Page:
Cambridge University’s minority ethnic students can now request to see a BME counsellor. This should happen elsewhere
Imagine you’re at university and are subject to a racist attack by white students. If you decided it would be useful to go to counselling to talk about it, how much would the therapist’s race matter?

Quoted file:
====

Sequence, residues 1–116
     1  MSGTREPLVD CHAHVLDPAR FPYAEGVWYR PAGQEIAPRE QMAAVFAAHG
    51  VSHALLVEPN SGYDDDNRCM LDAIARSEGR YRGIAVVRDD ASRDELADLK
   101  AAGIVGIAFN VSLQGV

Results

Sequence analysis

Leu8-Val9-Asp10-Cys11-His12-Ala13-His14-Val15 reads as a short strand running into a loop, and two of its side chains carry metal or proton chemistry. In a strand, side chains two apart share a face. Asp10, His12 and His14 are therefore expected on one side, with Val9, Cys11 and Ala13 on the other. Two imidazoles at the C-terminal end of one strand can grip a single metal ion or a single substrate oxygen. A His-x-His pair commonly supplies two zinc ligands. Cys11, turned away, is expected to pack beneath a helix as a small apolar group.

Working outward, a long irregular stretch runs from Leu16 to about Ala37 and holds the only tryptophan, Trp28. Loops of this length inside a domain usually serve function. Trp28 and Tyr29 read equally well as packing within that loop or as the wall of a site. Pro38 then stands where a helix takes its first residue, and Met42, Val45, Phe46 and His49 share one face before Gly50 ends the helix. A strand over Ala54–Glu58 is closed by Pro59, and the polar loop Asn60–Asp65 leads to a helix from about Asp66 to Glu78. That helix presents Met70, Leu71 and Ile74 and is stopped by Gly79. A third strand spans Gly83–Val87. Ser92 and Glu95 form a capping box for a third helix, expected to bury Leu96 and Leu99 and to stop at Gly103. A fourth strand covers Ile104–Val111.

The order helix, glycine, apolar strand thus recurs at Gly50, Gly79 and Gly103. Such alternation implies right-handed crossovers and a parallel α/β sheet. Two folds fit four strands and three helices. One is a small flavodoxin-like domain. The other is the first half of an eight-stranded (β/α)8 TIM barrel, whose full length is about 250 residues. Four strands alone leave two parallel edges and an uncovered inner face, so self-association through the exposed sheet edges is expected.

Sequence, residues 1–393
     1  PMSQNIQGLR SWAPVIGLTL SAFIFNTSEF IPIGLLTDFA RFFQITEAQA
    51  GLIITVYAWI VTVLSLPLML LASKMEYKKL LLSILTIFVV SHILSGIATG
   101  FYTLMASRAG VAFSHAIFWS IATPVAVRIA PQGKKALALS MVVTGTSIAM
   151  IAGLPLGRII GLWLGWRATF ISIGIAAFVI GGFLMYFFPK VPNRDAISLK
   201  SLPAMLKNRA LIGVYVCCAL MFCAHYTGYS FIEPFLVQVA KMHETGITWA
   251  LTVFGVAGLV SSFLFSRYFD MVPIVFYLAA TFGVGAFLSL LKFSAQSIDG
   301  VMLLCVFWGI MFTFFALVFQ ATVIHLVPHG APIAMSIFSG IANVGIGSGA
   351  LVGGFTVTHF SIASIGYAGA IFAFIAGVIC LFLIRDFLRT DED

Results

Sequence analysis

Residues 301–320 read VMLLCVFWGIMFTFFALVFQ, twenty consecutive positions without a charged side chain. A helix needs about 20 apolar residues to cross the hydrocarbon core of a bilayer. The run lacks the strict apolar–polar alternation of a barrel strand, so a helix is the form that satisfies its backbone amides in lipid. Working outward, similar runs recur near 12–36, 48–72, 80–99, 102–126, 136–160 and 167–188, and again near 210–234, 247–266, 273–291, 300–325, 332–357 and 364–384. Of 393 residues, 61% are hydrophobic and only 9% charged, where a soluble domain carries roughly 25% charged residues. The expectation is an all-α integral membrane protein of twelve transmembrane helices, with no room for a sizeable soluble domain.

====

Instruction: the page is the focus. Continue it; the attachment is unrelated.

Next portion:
For Cambridge students, it’s emerged that the answer is “a lot”. Last month, while on-campus racism continued to grab headlines, Cambridge University’s counselling service made a vital shift in response to student demand: for the first time, black and minority ethnic (BME) students can now specifically request to see BME counsellors. As the welfare and rights officer, I pushed for the change; but the process raised a host of questions and challenges about the nature of counselling, and the way institutionalised support caters to students’ social and political identities.
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